By Irena Akbar
July 18, 2014
On June 30, the first day of Ramadan, my Facebook wall turned into a collage of pictures, graphics and status messages announcing the beginning of the Muslim holy month. The message “Ramadan Mubarak”, written calligraphically against a backdrop of a minaret or a crescent or a pack of dates, was shared by several of my friends belonging to varied faiths and living in different parts of the world, including India.
Hold on, how can someone living in India, and being Indian, ever say “Ramadan”? That was a point raised by one Facebook friend (not real-life friend), when she posted, “Aap sabhi ko Ramadhan, Ramadan Nahi — Sirf Saada, Sachcha, Hindustani ‘Ramzan Mubarak’!” In English, she meant, “Wish you all not Ramadan, but only simple, true Indian Ramzan Mubarak’. She later even suggested that those who prefer “d” over “z” are followers of “Saudi Islam”, and that choosing “Ramadan” over “Ramzan” is not just a spelling preference but a “political decision” of favouring Arabs over Persians!
Despite making her repulsion to “Ramadan” clear in her wall post, many people still wished her “Ramadan Mubarak” in their comments.
Ramadan is an Arabic word, and is pronounced with a “d”, not a “z”. But in Persian or Urdu, the “z” replaces the “d”. American and British English use Ramadan, while English-language dailies in India use both spellings. In India, most people say Ramzan when they speak Urdu/ Hindi, but many now prefer to use Ramadan at least when speaking in English. It’s a trend that has worried several “left-liberal” Muslims who “fear” the “Saudisation” or “Arabisation” or “Wahhabisation” of Indian Muslims. It’s not uncommon to see such Muslims declaring their allegiance to “INDIAN ISLAM” (yes, written in all caps) on their Twitter bios. It’s also not uncommon to see followers of “Indian Islam” rebuking fellow Indian Muslims for saying “Allah Hafiz” instead of “Khuda Hafiz”, and for breaking their fast in “Ramadan”, not “Ramzan”.
When “Indian Islam” followers rebuke Indian Muslims for “digressing” from their so-called version of the faith, they are no different from Hindu fundamentalists who demand that “Indian culture” be followed in our arts, and from the moral police who manhandle lovers for public displays of affection on Valentine’s Day. These examples may seem unrelated but have a singular theme: intolerance of everything perceived to be not “Indian”.
Who decides what is Indian? And could someone please define “Indian Islam”? Surely, Indian Muslims are as diverse as India itself, so shouldn’t there be a “Tamil Islam”, a “Bihari Islam”, a “Kashmiri Islam”, etc? Perhaps there are as many versions of Islam as there are varieties of Biryani cooked across India? Some followers of “Indian Islam” suggest that the Sufi branch of the religion, which emerged in faraway Turkey but found many takers in the subcontinent, is the only “peaceful” form of Islam. Those who don’t follow Sufi/ Barelvi branches are dubbed “Arabised”, “puritanical”, “Wahabi” and certainly not followers of “Indian Islam”.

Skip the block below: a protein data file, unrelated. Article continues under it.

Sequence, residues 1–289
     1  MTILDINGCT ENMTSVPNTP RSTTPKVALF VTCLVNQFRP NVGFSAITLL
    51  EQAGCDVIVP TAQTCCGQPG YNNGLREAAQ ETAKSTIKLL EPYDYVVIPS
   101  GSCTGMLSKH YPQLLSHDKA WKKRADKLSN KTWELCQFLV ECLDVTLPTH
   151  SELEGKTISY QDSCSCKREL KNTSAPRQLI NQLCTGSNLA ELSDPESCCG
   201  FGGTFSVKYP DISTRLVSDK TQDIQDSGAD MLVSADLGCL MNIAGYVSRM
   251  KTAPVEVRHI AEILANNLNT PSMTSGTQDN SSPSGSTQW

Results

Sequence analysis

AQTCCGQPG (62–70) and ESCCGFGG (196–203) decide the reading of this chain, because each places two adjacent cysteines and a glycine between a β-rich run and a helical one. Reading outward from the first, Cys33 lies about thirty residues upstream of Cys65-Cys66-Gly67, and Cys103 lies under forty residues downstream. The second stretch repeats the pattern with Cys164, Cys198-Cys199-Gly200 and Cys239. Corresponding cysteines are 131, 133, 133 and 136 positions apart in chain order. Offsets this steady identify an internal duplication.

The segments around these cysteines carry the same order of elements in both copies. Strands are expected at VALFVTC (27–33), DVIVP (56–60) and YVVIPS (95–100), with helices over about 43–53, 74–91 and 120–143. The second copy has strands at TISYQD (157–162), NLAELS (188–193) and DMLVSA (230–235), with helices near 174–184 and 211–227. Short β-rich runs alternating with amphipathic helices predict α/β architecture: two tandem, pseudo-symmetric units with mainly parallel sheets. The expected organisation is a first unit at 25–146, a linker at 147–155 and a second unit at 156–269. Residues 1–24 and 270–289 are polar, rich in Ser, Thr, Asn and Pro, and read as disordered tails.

As unclear as “Indian Islam” followers are about what they believe in, they are absolutely certain about what they do not believe in. Anything that is Arab, and so their nit-picking of “Allah Hafiz” and “Ramadan”. They conveniently forget Islam first came to India through Arab traders who arrived on Kerala’s shores. Those were peaceful chaps, unlike the marauding armies that had come from Central Asia and spoke Persian, the preferred language of the “Indian Islam” followers.
But it’s not history the “Indian Islam” followers are worried about; it’s the current “Arab-Saudi-Wahabi” influence that has them worked up. Sure, the Arab world is in turmoil, with crises in Iraq, Syria and Palestine nearing no end. Sure, there is the ISIS, al-Qaeda, and Hamas, all Arab gun-toting militants who, by the way, kill hapless Arab civilians. But there is also the peaceful United Arab Emirates, Kuwait, Qatar, Bahrain and Oman — countries that host more foreigners than their own nationals, and have temples and churches along with mosques. Does not that speak of Arab tolerance? As for Saudi Arabia, it is intolerant of all faiths except Sunni Islam, but the kingdom hosts people of several nationalities. There are more Indian expatriates in that country than elsewhere, and many of them are not Muslim.
So, let’s not, in an attempt to prove our patriotism and secularism, run down the Arabs and Indian Muslims who prefer Arabic over Persian, or who don’t visit Sufi shrines. If “Indian Islam” followers think their anti-Arab, pro-Sufi stance makes them more secular and patriotic in the eyes of non-Muslim Indians, they are wrong. Almost all my Hindu friends have wished me “Ramadan Mubarak”, and are not bothered about my preference of “Ramadan” over “Ramzan”. In fact, since “Ramadan” is used by Westerners too, many young people think the term is “cooler” than “Ramzan”. Their preference has nothing to do with Arabic vs Persian/ Urdu.
In the end, it’s about the freedom of choosing to speak, to spell a word whatever way you want. And in democratic India, there can be no place for intolerance against exercising such freedoms. By the way, I say “Khuda Hafiz” and “Ramadan Mubarak”. So, am I a follower of “Indian Islam” or “Saudi Islam”? Let’s free the Indian Muslim of such unnecessary questions.